Monday, June 09, 2008

Screwing around with the Gray Lady

To many spouses, “married sex” may sound like an oxymoron. And “married-with-children sex” may sound like that elusive antimatter.
Probably every couple with children, particularly those with small children that saw this article about two couples that knocked boots every night for over 100 nights read it. That is, of course, if they had time between diaper change, breakfast, playground, snack, diaper change, lunch, nap time, dog walk, diaper change, story time, playground, dinner...you get the idea.

What cracks me up in this Indiana Jones vs. Sex and the City era, in which we're unmoored from our traditional gender identities and yet as essentialized as ever, is that it was the guy who bailed. Then again, I would too, if shagging was going to make me barf. 'Cause really, who wants to have their stomach doing flip-flops when it's business time?
Annie even forced her husband to have sex during a bout of vertigo. “I’m not a quitter,’ she said. “The night he had vertigo, I said, ‘I’m sorry, guy, but you’ve got to keep going.’ ”

Doug said in an interview that on their 101st day, he felt “sort of like you had some long-forgotten appointment to hear some tax attorney talk about estate planning.”

This reminds me of an old joke about a woman going on a cruise who buys birth control pills and Dramamine at the same time. Ask me about it some time.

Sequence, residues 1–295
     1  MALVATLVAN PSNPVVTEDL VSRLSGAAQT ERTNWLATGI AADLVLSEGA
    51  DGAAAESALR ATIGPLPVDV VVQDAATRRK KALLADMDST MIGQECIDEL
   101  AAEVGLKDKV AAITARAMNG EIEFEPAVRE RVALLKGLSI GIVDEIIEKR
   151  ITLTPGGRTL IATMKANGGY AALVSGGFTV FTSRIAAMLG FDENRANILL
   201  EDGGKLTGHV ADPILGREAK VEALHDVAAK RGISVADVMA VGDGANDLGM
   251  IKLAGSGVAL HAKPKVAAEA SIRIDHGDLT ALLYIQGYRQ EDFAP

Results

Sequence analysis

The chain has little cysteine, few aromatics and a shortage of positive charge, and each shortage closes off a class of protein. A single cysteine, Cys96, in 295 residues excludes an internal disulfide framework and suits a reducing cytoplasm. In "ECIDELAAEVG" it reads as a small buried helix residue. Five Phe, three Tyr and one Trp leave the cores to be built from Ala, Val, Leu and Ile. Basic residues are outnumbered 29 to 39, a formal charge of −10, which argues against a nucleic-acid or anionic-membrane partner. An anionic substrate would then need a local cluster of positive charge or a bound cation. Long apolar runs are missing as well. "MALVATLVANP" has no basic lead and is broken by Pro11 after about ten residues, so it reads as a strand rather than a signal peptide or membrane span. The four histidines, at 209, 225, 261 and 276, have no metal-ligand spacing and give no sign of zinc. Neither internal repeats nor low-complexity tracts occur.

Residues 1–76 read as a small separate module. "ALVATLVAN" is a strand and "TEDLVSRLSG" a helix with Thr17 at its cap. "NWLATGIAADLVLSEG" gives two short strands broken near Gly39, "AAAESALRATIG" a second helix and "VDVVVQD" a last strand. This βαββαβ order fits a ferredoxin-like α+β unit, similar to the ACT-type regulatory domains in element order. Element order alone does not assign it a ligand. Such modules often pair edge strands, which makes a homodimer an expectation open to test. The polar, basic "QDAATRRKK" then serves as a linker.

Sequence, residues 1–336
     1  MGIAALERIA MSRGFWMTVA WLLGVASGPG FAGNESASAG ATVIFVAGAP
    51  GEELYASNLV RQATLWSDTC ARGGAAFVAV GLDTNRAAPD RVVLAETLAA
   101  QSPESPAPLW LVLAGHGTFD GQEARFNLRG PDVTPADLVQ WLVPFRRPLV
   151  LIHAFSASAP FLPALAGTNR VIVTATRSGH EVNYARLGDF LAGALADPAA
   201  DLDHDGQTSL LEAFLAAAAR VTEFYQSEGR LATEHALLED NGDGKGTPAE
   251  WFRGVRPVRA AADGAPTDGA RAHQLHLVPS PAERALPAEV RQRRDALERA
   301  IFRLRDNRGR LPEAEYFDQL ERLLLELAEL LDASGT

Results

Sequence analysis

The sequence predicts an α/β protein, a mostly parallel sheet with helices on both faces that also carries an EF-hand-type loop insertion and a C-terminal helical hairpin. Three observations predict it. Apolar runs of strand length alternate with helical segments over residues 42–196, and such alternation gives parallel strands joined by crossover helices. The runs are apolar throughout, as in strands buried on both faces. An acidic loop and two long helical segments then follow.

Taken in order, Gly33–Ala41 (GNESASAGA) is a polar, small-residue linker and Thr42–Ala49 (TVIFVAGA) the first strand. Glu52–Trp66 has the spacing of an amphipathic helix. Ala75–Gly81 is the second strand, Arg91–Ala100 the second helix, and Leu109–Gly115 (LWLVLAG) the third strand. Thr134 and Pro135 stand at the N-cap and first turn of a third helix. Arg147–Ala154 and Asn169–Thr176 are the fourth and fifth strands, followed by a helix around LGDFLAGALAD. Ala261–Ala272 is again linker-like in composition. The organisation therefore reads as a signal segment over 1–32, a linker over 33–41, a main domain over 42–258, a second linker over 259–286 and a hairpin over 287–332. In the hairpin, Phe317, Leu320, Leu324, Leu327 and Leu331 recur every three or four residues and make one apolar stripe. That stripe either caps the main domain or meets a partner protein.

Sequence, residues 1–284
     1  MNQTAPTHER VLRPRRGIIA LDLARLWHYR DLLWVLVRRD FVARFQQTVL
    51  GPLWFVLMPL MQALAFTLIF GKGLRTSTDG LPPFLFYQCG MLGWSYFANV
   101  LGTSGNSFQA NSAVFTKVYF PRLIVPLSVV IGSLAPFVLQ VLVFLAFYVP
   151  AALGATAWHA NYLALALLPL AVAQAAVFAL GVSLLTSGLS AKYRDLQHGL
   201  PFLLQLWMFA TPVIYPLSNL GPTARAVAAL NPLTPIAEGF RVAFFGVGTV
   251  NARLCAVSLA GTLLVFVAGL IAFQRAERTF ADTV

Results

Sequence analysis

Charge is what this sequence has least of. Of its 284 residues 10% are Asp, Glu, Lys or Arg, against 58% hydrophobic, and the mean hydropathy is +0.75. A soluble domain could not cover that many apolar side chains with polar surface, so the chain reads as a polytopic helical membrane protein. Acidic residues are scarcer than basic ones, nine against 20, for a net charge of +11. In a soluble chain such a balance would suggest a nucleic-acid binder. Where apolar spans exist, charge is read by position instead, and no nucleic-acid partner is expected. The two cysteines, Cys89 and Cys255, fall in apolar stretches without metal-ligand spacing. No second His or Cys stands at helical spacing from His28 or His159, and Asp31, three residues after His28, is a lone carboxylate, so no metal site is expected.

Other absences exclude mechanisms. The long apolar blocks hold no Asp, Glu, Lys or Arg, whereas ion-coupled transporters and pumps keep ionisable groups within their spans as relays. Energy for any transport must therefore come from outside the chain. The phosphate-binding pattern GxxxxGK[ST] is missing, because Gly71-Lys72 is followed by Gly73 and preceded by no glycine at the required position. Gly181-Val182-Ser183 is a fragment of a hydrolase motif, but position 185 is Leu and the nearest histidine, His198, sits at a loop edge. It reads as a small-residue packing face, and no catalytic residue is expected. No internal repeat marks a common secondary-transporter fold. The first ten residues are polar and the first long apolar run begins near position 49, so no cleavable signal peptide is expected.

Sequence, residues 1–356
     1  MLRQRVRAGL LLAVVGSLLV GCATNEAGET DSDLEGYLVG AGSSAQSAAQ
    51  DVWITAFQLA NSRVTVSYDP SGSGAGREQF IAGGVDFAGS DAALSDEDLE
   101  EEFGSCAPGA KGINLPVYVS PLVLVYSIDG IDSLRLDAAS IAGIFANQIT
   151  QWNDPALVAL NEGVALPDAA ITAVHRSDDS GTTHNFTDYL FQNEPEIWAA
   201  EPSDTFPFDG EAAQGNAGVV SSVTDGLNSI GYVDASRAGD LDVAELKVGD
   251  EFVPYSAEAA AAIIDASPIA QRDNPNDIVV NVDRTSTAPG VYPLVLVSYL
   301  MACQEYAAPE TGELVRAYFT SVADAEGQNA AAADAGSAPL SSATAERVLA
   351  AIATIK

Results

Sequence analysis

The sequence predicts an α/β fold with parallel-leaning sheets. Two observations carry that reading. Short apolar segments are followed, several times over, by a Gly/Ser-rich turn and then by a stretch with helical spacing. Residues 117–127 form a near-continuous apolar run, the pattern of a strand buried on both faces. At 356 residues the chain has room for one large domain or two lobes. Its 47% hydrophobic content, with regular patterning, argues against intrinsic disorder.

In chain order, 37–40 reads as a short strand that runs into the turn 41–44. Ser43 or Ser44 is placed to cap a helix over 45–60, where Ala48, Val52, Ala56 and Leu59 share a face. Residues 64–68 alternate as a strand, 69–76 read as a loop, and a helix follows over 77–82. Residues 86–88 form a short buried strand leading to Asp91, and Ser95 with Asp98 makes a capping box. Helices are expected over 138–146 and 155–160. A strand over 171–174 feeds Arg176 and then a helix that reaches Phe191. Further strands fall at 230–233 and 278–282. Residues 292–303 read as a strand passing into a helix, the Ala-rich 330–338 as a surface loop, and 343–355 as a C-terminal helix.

Full disclosure before I get into this one: Ben Stein is to me as squirrels are to Barky. I want to chase that fuzzy little rat up a tree, and maybe even take a piece out of his ass when I do, and every time I see him, I end up barking and complaining.

Yet, for some reason, I read his column. I suppose that's because I believe that anyone who only listens to like-minded people becomes dull and boorishly brash, believing eventually that the world does work the way they believe it to, up to the point that they believe they control the sun, moon and stars, or at the very least, the truth. Yes, Fox News, I'm looking at you.

And so it's no surprise that even Stein's Father's Day column rankled me.

I guess it was his attempt to be all, like, cat's in the cradle, I know why the caged boy sings, and all that crap. However, his belief that kids should take a break from all their self-righteous, self-absorbed pursuits and recognize the sacrifices of their parents strikes me as a bit self-righteous and self-absorbed.

Trust me when I say I know what it's like to wish I could say a few last words to a lost parent, but I would never want to jerk 3B out of that time in his life when he's supposed to be self-righteous, self-absorbed and, yes, a little grating at times (or, if he's like me, downright galling), snap his head around and force him to face adulthood.

Let them be kids, Stein. And if you can't stand it, leave them alone. Sure, I teach 3B to say, "thank you" and "I'm sorry," but I don't expect him to understand what he's saying and really mean it until he's much older. I just want him to have the vocabulary for his feelings when they come along. If he doesn't say that he's sorry now, he's being honest. He's either not sorry or doesn't know what the word is and doesn't want to blow smoke up anyone's diaper.